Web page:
A Windows thumbnail handler for LEGO Digital Designer (LXF) files.
As previously written, I would like to write about all my Github projects on this blog, so with this, here is my second post in this series. Let me present TransClear, a thumbnail handler for LXF-files. A small extension for Windows Explorer that will replace the normal LDD-icon for a LXF -file with an image of its contents. The image below illustrates the change.
The extension does not generate the image itself, it simply uses an already generated image found inside the LXF-file. An image that is generated by LDD when you save the LXF-file.
The code is open source and can be viewed/downloaded from Github.
How to install and use it
- Windows Vista or better
- .NET Framework 4.5 installed. Should be installed by default if you have a newer Windows version.
Unpack the zip-file, run Installer.exe and click the big button marked “Install”. TransClear should now be loaded into the memory and be used every time Windows asks for a thumbnail for a LXF-file.
If you get an error during install and are running Windows 10, you might need to “unblock” the files. On both “Installer.exe” and “LxfHandler.dll”, do the following: right-click on the file, select properties and under the General tab, look for a checkbox or button that says “Unblock” and click it. That should fix the issue.
Please note that the handler will stop working if you change the location of the TransClear files. If you want to move them, uninstall TransClear first and then install TransClear again after the move.
If you are not seeing any thumbnails in Windows
At first you’ll need to check that you are using the correct view while browsing files. Right click on the Explorer window, select “View” and then “Large Icons”. (A few other views works as well, but “Large Icons” is my preferred view when looking at LXF-files.)
Secondly, Windows might already have generated thumbnails for the files. Windows will do this for files even when a thumbnail handler is missing. This means that the LXF-files might not get a new thumbnail until they have been modified or after the thumbnail cache has been cleared. Try modifying a LXF-file to see if a new thumbnail appears. (If you want to try clearing the cache, you can find guides on how to by searching on Google)
If you don’t see any thumbnails for any files (including non LXF-file), your Windows might be configured to not generate them at all (This you can also google how to fix).
For some reason I can’t get thumbnails to show consistently in the “Open File”-dialog window for LDD. Very annoying.
Origin and Development
When I returned to LEGO as an adult, I quickly started to use LEGO Digital Designer to plan almost all my builds. And as my library of digital builds grew, it became harder and harder to get an overview and find the right file when looking for an old build. I thought it would be great if I could preview the files directly in the Windows explorer window as one can do with common image files.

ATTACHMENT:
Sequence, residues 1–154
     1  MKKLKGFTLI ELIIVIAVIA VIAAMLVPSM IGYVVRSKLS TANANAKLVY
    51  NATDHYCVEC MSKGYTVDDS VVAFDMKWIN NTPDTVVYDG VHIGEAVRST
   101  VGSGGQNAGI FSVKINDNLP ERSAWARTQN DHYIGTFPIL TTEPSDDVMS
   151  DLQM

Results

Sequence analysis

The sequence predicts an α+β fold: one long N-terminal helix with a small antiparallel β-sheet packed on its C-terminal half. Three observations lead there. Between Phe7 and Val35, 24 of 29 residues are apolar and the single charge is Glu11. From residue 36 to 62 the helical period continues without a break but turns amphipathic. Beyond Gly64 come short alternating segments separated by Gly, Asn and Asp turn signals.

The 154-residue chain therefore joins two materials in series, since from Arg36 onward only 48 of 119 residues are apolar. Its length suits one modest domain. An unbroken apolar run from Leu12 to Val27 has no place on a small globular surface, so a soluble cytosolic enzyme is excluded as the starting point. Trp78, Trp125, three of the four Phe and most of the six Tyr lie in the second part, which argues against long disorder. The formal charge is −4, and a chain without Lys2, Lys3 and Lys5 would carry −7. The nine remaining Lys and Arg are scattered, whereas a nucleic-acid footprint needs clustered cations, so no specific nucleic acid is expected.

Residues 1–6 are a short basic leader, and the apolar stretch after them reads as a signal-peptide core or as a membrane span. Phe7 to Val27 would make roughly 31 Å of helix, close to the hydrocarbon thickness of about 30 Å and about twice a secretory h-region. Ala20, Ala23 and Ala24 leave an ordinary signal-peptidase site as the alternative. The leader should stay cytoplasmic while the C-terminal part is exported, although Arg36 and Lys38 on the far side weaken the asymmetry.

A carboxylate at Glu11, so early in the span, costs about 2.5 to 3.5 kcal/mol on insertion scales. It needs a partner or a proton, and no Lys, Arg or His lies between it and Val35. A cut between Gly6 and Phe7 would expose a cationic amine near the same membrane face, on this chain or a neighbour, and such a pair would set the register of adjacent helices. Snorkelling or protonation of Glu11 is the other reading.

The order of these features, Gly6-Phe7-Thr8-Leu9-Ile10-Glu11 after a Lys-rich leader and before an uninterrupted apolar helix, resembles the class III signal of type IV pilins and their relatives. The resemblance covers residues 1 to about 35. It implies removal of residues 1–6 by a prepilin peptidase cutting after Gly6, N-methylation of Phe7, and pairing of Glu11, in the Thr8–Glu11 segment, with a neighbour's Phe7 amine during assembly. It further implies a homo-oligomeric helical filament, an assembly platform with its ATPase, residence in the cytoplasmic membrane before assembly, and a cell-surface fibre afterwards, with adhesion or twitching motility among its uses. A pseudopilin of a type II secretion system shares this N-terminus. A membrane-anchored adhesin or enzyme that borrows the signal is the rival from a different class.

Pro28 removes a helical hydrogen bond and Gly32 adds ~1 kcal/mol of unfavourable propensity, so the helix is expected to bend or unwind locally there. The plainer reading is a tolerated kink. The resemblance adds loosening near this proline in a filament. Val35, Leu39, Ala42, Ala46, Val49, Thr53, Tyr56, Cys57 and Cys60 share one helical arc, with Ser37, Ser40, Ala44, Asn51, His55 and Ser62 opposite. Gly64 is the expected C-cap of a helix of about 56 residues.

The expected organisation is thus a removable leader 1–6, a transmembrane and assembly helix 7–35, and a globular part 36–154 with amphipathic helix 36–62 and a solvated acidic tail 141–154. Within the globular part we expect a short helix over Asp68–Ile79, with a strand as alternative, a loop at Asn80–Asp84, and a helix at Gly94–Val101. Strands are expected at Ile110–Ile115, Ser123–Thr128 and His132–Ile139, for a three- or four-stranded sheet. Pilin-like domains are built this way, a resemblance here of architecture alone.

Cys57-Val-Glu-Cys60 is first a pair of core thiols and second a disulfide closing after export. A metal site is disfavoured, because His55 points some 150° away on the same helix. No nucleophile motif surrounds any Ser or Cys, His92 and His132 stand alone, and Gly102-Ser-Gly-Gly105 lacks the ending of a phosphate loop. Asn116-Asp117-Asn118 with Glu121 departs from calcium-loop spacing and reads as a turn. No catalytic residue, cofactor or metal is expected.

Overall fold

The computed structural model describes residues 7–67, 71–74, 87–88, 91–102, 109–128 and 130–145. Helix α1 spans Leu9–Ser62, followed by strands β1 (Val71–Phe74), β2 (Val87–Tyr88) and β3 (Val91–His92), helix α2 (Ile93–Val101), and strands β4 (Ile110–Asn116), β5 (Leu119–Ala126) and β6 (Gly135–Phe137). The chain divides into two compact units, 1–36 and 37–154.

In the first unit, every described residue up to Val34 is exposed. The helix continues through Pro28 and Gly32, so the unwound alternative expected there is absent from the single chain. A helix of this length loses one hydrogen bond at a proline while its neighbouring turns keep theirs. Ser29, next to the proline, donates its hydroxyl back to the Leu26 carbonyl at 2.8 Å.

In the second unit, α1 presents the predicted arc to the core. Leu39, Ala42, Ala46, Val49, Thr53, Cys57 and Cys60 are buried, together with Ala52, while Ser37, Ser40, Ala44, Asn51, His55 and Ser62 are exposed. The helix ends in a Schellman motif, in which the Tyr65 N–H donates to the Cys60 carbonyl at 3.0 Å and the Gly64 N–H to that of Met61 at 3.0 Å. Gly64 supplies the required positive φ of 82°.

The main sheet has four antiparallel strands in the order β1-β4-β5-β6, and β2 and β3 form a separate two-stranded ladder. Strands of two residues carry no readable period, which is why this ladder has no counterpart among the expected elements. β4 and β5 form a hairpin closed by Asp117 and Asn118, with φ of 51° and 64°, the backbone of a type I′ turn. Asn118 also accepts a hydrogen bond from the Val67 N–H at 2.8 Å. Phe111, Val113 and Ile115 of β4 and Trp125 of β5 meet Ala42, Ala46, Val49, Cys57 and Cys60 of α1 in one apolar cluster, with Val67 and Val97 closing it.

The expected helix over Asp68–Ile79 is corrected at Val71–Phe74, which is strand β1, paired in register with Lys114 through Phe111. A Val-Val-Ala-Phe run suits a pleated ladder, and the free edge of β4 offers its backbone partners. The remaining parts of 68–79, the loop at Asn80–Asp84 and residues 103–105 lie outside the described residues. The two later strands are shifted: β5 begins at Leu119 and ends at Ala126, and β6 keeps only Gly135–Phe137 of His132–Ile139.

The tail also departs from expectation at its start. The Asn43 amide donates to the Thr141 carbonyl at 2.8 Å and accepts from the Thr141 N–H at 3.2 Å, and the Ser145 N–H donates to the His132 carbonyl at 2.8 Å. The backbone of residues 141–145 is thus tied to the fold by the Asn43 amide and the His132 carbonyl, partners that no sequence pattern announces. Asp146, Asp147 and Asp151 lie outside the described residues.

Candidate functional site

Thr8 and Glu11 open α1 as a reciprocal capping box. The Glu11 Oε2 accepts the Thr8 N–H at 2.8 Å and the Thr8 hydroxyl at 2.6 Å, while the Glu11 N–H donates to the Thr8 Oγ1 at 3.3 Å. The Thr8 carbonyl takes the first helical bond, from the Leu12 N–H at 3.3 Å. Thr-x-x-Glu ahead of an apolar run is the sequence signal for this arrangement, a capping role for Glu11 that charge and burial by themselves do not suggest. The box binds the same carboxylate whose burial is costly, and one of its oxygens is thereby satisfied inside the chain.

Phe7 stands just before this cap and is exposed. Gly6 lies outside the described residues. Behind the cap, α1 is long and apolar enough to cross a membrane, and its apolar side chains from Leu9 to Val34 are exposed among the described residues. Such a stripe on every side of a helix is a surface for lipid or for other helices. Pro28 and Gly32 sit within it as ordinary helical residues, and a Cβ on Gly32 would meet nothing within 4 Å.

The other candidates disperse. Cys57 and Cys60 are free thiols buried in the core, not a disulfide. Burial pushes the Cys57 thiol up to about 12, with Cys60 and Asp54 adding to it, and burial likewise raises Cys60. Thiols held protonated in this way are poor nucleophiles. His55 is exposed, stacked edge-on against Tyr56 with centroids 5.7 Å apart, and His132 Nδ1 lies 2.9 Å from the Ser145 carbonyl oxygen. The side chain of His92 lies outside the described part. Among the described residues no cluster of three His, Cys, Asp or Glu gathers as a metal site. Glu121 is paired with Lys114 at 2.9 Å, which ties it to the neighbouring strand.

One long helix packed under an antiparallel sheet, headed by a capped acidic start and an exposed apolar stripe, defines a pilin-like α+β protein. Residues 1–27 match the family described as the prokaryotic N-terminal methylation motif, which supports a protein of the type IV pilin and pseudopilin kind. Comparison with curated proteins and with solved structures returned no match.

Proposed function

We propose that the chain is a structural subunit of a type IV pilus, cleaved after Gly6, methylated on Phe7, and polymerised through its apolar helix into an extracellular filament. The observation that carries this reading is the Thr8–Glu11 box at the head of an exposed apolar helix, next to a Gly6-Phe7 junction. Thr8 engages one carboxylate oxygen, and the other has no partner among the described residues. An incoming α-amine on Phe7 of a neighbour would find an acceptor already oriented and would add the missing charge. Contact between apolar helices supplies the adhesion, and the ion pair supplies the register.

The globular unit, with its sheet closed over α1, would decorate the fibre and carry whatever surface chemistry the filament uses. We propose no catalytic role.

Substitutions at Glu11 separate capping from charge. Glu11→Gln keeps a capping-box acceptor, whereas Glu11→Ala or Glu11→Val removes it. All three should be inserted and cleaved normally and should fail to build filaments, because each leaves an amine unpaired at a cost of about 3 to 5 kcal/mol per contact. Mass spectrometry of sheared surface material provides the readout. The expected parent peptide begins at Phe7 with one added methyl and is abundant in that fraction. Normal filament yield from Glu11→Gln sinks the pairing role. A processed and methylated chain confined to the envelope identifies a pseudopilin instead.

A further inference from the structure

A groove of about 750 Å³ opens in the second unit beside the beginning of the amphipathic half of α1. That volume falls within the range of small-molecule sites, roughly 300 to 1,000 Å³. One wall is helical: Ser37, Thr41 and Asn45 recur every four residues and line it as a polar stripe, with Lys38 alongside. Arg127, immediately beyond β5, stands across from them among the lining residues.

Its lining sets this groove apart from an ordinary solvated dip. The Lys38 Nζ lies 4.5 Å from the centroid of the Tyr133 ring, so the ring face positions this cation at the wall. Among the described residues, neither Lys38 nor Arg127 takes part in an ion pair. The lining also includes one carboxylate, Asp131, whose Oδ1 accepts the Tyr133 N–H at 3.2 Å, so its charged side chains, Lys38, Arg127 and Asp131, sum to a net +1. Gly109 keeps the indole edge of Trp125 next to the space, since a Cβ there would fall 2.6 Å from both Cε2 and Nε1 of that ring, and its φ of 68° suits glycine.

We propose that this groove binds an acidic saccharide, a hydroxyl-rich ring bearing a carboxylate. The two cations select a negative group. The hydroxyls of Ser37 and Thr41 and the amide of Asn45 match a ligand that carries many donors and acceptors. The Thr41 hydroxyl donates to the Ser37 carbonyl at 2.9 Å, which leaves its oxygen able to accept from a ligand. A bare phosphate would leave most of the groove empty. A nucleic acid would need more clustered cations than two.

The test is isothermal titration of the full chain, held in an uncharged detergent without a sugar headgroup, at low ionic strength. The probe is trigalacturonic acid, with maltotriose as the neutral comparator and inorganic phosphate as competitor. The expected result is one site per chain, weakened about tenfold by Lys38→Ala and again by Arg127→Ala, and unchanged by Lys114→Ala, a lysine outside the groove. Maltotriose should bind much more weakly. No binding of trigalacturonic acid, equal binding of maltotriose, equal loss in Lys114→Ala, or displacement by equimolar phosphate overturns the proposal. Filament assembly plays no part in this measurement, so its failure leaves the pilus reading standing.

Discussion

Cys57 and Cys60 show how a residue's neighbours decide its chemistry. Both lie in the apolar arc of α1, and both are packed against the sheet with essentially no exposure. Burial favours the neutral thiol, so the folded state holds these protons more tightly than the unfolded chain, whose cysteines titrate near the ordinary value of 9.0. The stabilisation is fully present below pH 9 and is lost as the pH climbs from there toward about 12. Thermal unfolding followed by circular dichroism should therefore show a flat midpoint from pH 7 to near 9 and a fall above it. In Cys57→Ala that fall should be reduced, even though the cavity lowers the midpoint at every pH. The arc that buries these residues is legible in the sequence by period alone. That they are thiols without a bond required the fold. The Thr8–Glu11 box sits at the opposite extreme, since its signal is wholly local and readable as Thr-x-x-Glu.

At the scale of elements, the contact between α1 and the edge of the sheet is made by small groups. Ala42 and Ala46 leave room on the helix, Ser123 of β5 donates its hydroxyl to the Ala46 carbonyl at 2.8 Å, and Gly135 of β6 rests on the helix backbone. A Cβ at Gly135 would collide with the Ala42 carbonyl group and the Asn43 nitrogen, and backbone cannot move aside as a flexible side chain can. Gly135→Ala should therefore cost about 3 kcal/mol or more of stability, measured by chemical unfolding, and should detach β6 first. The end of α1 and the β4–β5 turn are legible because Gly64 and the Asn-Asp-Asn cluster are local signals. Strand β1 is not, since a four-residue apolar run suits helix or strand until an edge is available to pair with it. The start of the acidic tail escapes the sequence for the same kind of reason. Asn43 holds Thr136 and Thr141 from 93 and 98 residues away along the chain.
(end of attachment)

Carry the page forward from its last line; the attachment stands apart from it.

I knew from messing around with the LXF-file, that they were simply a zip-file with two files in it: A small PNG image of the build and a XML file with the data. So I knew that an image of the build already existed, ready to be used as a thumbnail for the file. Knowing that, I thought that it might be fairly easy to make Windows show this image in the Explorer window. I just needed to learn how.
I started to look around for possible solutions and I found an open source C# project that did just what I wanted to do (more more), SharpShell. It has a license that allowed me freely copy and modify the code so it suited me perfectly.
At first I constructed a handler that was made up with mostly SharpShell code. Once I got it working, I then cut out everything I didn’t need and rewrote anything I didn’t like. I also had to make a few improvements to their IStream wrapper (ComStream.cs). It could not handle calls to the Read method with the offset parameter set to anything other than zero and it did not release the IStream object when it was done with it. The first problem meant that the wrapper wouldn’t work with built in .net zip-file reader. The second problem would prevent an user from editing, moving and deleting a LXF-file for a minute or more after the Thumbnail was generated. (This was a few years ago so it is possible that latest version of SharpShell no longer have these issues)
The Installer was derived from SharpShell code in a similar way.
It was interesting to work on this code as it accesses parts that are written as so called “Unmanaged” code. This meant I was working with memory and pointers more similar to how it is done in C/C++. Something one generally don’t do when working with C#/.net code. It was a nice departure from my normal comfort zone with fully managed code.
I don’t know when I’ll get back to this project, but it would be nice to add support for Bricklink’s Studio files to it. Those files are also disguised zip files with an image file inside them. So adding support for them should not be hard. Only major difference is that the Studio files needs to be unlocked with the password “soho0909” to read them.
This project might also be a good candidate for rewriting to C/C++ code if I ever want to learn working it C/C++ and Windows on a lower level.